EC: How is Deloitte navigating the trends and progression of the energy transition? What are clients’ expectations, and how does the company plan to stay a step ahead?  

TT: At Deloitte, we proactively navigate the dynamic landscape of the energy transition with a strategic, collaborative, and innovative edge. Our extensive global presence and diverse partnerships, spanning industries, regions, and academic institutions, keep us abreast of emerging trends, regulatory shifts, and technological advancements. Client expectations are evolving towards sustainable practices, and we respond by providing innovative solutions that align with their goals.

Our commitment to staying a step ahead involves continuous investment in talent development and innovative technologies. Central to our strategy is taking ownership of pivotal marketplace issues and adeptly guiding clients through the intricacies of their business challenges. Through harnessing our extensive expertise that cuts across our four business, we aim to create growth opportunities and offer innovative solutions.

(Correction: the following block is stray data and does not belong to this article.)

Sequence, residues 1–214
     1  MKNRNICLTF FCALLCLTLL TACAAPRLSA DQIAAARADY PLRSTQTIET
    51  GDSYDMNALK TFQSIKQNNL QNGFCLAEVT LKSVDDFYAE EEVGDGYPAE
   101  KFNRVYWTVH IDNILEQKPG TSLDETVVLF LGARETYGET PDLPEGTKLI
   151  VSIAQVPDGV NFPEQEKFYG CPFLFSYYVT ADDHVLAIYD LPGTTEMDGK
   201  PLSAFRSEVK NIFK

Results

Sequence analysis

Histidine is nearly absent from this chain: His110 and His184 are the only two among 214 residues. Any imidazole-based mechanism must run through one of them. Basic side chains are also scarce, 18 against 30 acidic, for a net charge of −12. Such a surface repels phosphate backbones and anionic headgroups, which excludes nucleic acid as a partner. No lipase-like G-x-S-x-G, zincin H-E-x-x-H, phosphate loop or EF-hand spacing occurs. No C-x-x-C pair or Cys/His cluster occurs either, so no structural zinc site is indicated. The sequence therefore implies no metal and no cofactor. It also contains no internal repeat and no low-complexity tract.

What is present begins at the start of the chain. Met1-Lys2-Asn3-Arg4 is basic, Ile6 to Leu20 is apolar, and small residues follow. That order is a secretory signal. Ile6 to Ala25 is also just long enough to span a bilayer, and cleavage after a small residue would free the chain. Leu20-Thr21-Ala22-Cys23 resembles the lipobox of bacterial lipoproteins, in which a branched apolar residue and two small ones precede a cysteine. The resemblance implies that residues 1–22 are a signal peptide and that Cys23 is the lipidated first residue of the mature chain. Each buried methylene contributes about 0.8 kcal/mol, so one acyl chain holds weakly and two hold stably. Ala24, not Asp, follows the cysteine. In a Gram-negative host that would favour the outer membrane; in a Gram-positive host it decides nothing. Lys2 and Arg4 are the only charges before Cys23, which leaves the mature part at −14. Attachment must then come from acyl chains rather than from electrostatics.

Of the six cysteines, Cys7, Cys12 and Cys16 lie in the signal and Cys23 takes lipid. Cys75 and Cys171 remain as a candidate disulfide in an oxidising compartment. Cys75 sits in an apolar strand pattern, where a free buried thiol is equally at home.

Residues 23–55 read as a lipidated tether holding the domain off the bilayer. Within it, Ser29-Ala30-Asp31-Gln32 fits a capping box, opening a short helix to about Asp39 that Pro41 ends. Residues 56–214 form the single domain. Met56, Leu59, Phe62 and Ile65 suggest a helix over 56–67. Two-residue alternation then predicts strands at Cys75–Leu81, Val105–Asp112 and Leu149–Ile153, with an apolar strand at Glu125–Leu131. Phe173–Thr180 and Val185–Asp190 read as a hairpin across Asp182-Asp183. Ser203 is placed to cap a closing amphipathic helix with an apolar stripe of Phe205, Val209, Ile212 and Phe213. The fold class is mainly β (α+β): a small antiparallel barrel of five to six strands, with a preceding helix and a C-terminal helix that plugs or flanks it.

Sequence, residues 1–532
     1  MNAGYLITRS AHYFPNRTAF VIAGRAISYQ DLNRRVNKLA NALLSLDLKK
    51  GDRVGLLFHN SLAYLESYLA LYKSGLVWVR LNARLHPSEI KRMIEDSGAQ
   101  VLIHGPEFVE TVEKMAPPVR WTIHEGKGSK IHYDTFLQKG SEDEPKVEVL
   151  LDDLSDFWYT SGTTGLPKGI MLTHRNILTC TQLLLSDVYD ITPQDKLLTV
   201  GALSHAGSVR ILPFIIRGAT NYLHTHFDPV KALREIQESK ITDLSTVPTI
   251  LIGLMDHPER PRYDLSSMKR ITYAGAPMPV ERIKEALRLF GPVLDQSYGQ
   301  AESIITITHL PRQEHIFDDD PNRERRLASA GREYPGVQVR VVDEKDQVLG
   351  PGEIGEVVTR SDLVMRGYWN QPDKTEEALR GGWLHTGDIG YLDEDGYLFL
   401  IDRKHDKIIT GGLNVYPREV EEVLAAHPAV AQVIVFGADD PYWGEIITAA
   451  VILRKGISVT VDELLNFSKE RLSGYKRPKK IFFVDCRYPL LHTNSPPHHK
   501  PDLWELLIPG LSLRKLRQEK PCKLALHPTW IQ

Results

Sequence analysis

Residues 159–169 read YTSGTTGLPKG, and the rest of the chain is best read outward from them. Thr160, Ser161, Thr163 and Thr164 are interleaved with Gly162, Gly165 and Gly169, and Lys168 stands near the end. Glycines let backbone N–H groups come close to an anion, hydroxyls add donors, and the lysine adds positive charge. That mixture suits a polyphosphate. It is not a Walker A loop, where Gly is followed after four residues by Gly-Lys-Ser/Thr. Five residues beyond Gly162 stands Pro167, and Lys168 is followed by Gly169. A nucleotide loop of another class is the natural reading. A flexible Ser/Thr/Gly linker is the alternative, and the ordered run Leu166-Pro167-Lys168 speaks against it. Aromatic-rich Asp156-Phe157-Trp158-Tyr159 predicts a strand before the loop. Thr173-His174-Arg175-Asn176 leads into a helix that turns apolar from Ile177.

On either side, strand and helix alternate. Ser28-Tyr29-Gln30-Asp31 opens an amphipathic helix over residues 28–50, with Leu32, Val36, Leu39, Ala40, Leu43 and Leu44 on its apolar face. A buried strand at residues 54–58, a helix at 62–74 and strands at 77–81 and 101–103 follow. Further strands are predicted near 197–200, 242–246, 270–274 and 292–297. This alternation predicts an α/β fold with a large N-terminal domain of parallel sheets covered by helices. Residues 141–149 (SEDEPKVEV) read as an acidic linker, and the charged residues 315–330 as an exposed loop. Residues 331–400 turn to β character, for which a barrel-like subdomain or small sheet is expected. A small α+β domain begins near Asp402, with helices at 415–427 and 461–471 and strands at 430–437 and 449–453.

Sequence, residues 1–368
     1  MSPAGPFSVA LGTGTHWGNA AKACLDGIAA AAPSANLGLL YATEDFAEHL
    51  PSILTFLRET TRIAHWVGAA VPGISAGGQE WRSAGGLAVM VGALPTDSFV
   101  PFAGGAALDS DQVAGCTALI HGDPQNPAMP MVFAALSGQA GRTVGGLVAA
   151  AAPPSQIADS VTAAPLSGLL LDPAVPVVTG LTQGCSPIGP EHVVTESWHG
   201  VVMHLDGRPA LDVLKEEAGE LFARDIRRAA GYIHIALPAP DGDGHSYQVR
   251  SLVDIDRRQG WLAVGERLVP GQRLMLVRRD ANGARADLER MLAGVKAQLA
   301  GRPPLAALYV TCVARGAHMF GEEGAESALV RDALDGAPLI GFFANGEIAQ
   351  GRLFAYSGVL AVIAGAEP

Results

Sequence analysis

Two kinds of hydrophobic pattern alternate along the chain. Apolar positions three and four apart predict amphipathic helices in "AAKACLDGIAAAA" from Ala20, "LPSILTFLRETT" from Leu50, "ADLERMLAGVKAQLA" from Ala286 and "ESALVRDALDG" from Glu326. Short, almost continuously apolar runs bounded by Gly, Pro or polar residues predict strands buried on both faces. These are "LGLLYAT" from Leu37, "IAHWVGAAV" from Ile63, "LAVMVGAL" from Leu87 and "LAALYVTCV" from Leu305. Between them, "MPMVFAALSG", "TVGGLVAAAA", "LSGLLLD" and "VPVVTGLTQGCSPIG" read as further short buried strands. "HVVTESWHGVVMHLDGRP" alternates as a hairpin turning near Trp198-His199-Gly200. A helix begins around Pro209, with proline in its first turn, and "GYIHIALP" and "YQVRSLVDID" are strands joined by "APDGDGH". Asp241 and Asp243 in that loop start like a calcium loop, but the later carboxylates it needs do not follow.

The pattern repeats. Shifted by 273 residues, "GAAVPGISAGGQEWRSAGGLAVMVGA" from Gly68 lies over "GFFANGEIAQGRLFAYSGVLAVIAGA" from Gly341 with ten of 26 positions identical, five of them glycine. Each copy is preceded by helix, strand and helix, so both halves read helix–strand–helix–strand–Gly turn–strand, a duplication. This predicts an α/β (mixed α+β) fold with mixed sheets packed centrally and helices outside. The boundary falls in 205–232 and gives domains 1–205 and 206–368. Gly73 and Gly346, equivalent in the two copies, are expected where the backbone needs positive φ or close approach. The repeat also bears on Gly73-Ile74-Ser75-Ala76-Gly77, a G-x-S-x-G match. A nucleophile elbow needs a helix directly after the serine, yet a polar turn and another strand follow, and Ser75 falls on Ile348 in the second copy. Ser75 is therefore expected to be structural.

EC: Energy companies have been known to more slowly adopt and adapt to new technologies. Is that changing?

TT: We believe the energy and chemicals industries is at the forefront of adopting cutting-edge technologies to bolster operational efficiency, increase productivity, reduce costs, and advance safety and sustainability measures. From bringing new materials to consumers, pioneering offshore operations, transforming shale resources into one of the most competitive resources, to developing new and sustainable molecules, the industry has highlighted its adaptability. The industry continues to be a leader of groundbreaking technologies including the development of biofuels, biomaterials, carbon capture, hydrogen production, and more.